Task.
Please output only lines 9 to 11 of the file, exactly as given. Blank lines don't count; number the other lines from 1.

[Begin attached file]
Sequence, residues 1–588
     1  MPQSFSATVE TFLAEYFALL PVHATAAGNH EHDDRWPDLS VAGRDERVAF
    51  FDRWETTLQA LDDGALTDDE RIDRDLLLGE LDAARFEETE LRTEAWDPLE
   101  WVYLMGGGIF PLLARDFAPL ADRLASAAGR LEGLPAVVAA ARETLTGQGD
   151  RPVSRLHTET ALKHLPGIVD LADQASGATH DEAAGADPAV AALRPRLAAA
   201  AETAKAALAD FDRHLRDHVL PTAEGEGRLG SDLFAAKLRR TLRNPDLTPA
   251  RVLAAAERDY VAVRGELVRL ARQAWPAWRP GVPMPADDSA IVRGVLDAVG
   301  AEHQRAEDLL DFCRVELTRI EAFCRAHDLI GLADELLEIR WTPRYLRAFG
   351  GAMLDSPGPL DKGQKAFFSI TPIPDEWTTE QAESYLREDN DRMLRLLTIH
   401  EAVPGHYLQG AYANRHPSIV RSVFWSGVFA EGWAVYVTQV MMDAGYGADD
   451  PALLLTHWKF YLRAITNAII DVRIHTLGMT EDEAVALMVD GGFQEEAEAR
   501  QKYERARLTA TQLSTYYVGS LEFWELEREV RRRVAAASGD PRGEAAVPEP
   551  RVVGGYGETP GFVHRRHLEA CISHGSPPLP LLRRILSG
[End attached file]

   351  GAMLDSPGPL DKGQKAFFSI TPIPDEWTTE QAESYLREDN DRMLRLLTIH
   401  EAVPGHYLQG AYANRHPSIV RSVFWSGVFA EGWAVYVTQV MMDAGYGADD
   451  PALLLTHWKF YLRAITNAII DVRIHTLGMT EDEAVALMVD GGFQEEAEAR